On the Trail of J.D. Salinger's Testicle

A new book says that J.D. Salinger had only one testicle, a congenital defect that so shamed the novelist that it eventually drove him into the woods of New Hampshire.

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We don't usually like to start our mornings with nether anatomy, either, but there's no way to help it: Salinger by David Shields and Shane Salerno has finally been published, with unfounded susurrus having had to pass for publicity — virtually no one got galleys. The accompanying documentary is out this Friday, promising, together with the book, to offer the definitive chronicle of the reclusive life of the Catcher in the Rye author.

The biggest reveal thus far, however, has been of a rather medically pedestrian nature: Salinger only had a single testicle, Shields and Salerno claim, shame over which led to his life of seclusion. And while, according to the Mayo Clinic, an undescended testicle may increase the risk of testicular cancer, it was not medical but psychological concern, the authors of Salinger argue, that drove Jerome David Salinger, once of Park Avenue, into the woods of New Hampshire.

That's why we need to talk about Salinger's testicle. Nor are we the first: Ron Charles of The Washington Post wrote a blog post titled "‘Much Ado’ about J.D. Salinger’s missing testicle" last week, complaining, tongue in cheek, that he almost missed a production of Shakespeare's comedy (you can probably guess which) while having to fact-check a review of Salinger that included the lone testicle theory:

How exactly would I confirm that Salinger had only one testicle?

These are not typical challenges for an editor in Book World.

An earlier review of Salinger by Michiko Kakutani of The New York Times had also discussed the subject of the missing testicle, though she took a characteristically more somber view of the detail than Charles would:

The authors contend that Salinger “was born with only one testicle” and they argue that this caused him enormous embarrassment — that it was “surely one of the many reasons he stayed out of the media glare” so as “to reduce the likelihood that this information would emerge,” and that it amplified his psychological need “to create flawless art.” This assertion, however, is based on anonymous sources: two unnamed women who the authors say “independently confirmed” hearsay that Salinger suffered from this anomaly.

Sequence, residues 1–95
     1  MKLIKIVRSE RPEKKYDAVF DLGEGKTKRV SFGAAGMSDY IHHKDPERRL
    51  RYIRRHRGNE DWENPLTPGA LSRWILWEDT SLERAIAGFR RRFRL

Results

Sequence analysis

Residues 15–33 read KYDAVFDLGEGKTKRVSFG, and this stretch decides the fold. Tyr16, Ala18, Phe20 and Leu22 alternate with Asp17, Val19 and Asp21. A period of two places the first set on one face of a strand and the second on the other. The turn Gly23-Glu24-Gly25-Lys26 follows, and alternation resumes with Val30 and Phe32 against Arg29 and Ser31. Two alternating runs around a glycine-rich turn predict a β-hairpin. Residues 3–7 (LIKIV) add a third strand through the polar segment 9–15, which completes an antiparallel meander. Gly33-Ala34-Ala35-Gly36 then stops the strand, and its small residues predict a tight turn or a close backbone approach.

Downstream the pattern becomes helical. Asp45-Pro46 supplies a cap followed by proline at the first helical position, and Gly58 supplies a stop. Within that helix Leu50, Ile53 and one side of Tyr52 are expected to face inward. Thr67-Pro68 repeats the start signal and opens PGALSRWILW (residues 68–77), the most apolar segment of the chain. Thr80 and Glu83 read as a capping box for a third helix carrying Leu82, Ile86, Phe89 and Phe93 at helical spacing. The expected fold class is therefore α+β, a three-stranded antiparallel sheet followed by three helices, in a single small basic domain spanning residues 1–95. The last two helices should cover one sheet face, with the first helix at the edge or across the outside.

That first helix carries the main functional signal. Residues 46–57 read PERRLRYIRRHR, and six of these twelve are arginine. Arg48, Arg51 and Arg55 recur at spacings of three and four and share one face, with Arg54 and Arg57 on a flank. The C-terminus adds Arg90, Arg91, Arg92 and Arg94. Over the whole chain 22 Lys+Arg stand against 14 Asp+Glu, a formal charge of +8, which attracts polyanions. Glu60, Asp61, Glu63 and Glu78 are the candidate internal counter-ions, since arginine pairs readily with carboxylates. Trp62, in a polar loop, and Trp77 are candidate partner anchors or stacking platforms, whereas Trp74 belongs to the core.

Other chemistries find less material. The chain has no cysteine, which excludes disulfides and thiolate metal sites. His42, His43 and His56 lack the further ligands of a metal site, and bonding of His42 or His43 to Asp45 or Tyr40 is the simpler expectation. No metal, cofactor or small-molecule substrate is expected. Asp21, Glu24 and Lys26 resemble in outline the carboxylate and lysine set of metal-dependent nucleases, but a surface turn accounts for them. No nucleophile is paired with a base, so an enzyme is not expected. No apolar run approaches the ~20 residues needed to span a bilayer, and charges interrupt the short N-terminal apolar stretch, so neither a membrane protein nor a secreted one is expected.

And an article in the Detroit Free Press described the book as claiming that "J.D. Salinger's secret deformity made him a recluse," which is a somewhat more reductive theory of the author's life than Salinger and Salerno actually formulate.

Twitter, too, had plenty of fun with this news, especially after Charles's post thrust the testicle theory into the middle of Salinger scholarship:

We cannot possibly verify the veracity of the lone testicle claim; perhaps no one can. However, let's at least get the basic facts right:

  • According to Salinger scholar Eberhard Alsen, Salinger tried to enlist in the Army right after Pearl Harbor, but got an I-B deferral, which Salinger would describe as being handed out to "cripples and faggets."
  • Shields is skeptical of Salinger's attribution of the I-B to a "slight heart condition," which he says "was almost certainly a convenient fiction to disguise the existence of a congenital deformity. He quotes a soldier who served with Salinger, Werner Kleeman, who later allegedly was present at the meeting between Salinger and Ernest Hemingway, during which Salinger supposedly said that "he didn't think the army would take him...[because] he had only one testicle." 
  • Shields says two women "independently confirmed" the presence of only one testicle. He quotes one of them as saying that Salinger was "incredibly embarrassed and frustrated. [At the time] I knew nothing about men's bodies, but it was a big deal to him. It wasn't an injury. It was an undescended testicle."
  • The authors of Salinger posit that, "Surely one of the many reasons he stayed out of the media glare was to reduce the likelihood that this information about his anatomy would emerge." They suggest that the twin horrors of his own imperfect body and the atrocities he witnessed during the liberation of the Kaufering concentration camp would eventually contribute to Salinger's flight from civilization: "The war was one wound, but his body was the other. It was the combination of these wounds that made Salinger."

This may seem either revealing psychology or puerile gossip — readers of Salinger and future historians will have to judge for themselves.

This article is from the archive of our partner The Wire.